Nets Broadcaster Is A Mentor With A Mission

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, @njhoopshaven          Published 5:02 a.m. ET May 18, 2017 | Updated 4:20 p.m. ET May 20, 2017

As the new co-director of a highly successful sports broadcasting camp for teens, Marlboro’s Chris Carrino draws on experiences beyond the basketball court.

A few years back, New Jersey Nets coach Lawrence Frank said something that struck a chord with Chris Carrino, the team’s radio play-by-play voice.

“If you’re the dribbler,” Frank said, “you have to participate in your own rescue.”

He was talking about breaking a pressure defense, but his advice applies to any of life’s challenges. It has infused Carrino’s quest to cure FSHD, a form of muscular dystrophy he was diagnosed with two decades ago.

In 2011 the Marlboro resident founded the Chris Carrino Foundation for FSHD, which has funded nearly $400,000 in research grants.

“We have to go and do it — raise the money and get research projects going and blow our own horn,” the 46-year-old Carrino said. “I make my living with my voice, and I’m going to use my voice to help fight this disease.”

He’s using his voice for an additional purpose this summer — mentoring teenagers as co-director of the Chris Carrino and Tim Capstraw Sports Broadcasting Camp. This will be the 16th edition of the camp, which previously was directed by Bruce Beck and Ian Eagle.

Carrino moves into a lead role after serving as a regular guest speaker at the camp, which is held at the Yogi Berra Museum on the campus of Montclair State University.

“Chris is just so good with the kids,” camp founder and general manager David Siroty said. “Working with young people, you have to want to see them succeed. He has a passion for that, and he’s inspirational — he’s exactly what we want.”

Camp success stories

The week-long camp has helped numerous aspiring broadcasters. One of them is Mia O’Brien, a 24-year-old graduate of Freehold Township High School ,who is a reporter and anchor for the CBS affiliate in Cedar Rapids, Iowa (KGAN).

“Going to the camp was a great first step,” O’Brien said. “More than anything, it teaches you those life lessons that help you get ahead: Always follow-up with a thank-you card or email, and always keep everyone’s number.”

O’Brien covers college and high school sports, plus local human-interest stories. She’s reported on Iowa’s 12-0 football team, Northern Iowa’s buzzer-beating win in the NCAA Tournament and a local guy running crazy distances for a good cause. And she’s done most of it on her own, without a crew.

“It’s a lot of one-man-band stuff, but you get to delve head-first into a story and mold it on your own,” she said. “I feel like I’ve grown so much in the two years I’ve been here.”

Marlboro native Steven Goldberg has grown, too, since the two summers he attended the camp. At age 23, he’s the play-by-play radio voice for the Mobile (Ala.) BayBears, a Double-A affiliate of the Los Angeles Angels.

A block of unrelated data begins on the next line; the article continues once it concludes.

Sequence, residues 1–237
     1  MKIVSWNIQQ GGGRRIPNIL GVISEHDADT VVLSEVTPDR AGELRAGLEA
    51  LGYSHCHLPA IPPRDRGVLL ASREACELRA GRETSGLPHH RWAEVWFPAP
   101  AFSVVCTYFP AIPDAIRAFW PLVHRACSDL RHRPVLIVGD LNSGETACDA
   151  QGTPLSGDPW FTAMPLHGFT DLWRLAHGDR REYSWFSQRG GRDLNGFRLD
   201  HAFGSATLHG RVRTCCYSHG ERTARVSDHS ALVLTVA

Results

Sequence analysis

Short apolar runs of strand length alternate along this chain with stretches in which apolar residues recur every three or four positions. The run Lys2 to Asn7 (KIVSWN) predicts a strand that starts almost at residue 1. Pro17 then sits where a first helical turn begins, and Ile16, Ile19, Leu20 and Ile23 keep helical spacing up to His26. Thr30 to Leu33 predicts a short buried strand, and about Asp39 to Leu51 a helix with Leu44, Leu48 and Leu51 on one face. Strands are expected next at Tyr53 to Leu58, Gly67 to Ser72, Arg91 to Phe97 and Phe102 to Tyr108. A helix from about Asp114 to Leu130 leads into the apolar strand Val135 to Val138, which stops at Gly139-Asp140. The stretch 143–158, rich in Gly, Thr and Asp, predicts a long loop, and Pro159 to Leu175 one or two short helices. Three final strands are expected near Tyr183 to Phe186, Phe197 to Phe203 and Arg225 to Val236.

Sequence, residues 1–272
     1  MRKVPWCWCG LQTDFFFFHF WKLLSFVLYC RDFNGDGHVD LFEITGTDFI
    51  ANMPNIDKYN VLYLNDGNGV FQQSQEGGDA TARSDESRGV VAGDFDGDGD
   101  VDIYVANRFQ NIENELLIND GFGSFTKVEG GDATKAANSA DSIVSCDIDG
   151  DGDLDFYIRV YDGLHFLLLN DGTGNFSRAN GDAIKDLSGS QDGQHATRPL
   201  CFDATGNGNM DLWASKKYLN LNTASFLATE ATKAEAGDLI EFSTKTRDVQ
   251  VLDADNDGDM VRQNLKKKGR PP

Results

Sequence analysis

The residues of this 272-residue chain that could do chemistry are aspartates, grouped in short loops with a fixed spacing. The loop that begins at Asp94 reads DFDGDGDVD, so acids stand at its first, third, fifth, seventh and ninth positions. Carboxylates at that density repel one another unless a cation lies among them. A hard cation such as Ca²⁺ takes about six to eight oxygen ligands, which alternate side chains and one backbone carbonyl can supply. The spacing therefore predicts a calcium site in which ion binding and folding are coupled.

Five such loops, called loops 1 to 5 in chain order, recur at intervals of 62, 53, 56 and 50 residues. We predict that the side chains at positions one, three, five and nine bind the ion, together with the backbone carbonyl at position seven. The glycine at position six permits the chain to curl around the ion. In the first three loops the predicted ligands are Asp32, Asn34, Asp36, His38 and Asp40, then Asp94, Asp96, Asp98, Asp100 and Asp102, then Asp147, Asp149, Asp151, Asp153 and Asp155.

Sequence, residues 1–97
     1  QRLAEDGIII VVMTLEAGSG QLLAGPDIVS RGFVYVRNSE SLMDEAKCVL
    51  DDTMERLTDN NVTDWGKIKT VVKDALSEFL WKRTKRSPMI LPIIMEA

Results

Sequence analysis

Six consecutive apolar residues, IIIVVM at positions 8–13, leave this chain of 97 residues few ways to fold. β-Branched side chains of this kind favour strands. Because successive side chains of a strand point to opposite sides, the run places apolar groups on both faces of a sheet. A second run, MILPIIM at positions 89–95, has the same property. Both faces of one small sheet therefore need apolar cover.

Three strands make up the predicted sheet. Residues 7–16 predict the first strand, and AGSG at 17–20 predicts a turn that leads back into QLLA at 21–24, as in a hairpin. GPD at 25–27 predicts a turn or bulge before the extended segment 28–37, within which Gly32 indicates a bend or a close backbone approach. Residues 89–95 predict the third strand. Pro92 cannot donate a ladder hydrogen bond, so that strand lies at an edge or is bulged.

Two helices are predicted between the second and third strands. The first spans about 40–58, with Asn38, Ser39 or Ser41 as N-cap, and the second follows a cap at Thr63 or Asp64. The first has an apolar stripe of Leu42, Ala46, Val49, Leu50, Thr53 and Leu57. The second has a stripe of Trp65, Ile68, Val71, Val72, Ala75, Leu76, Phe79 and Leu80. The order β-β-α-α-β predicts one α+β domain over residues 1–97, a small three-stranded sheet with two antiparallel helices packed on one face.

“It was really valuable to be 15, 16 years old and ask questions and get instant feedback from guys who have been working in the industry for years,” Goldberg said. “As early as possible, you have to find ways to get yourself experience.”

Goldberg began calling high school football games for while he was still attending Communications High School in Wall. His quest led him to play-by-play gigs in Charleson, S.C., Texas and Australia. So what’s life on the road like in baseball’s outposts?

“It’s more of a coach’s life,” he said. “I’ve developed a good relationship with the players, but it’s business. You sit in the front of the bus.”

A mission, a mentor

Carrino knows the deal. He’s worked his way up the ranks since graduating Fordham University, where he gleaned a thing or two from radio legend Marty Glickman.

“‘Consider the listener’ was always Marty’s mantra,” Carrino said. “How does this sound to them? Are you giving them everything they need to know?”

Information is empowering. That’s the way Carrino built his foundation, too. He told his story. At age 23, basketballs started feeling heavy in his hands. That was the first sign. FSHD causes progressive deterioration of certain muscles, so over the years it’s become harder to negotiate stairs and even rise out of a seat.

“The more people know about something, the easier it is to get people to care about the cause,” Carrino said. “When we started in 2011, I don’t think there were any pharmaceutical companies doing work with FSHD. Now there are 22 pharmaceuticals companies involved in developing an FSHD drug.”

He’s participating in his own rescue, and his sports broadcasting campers will get a similar message about breaking into the ever-changing media industry. Yes, layoffs at ESPN and other outlets have shaken the landscape, but the online world presents hungry students with all kinds of opportunities.

“There’s more stuff being broadcast now than ever,” Carrino said. “Video blogging, podcasting, these are things we’re going to touch on that we haven’t in past years.”

There will be life lessons, too, from a guy who knows.

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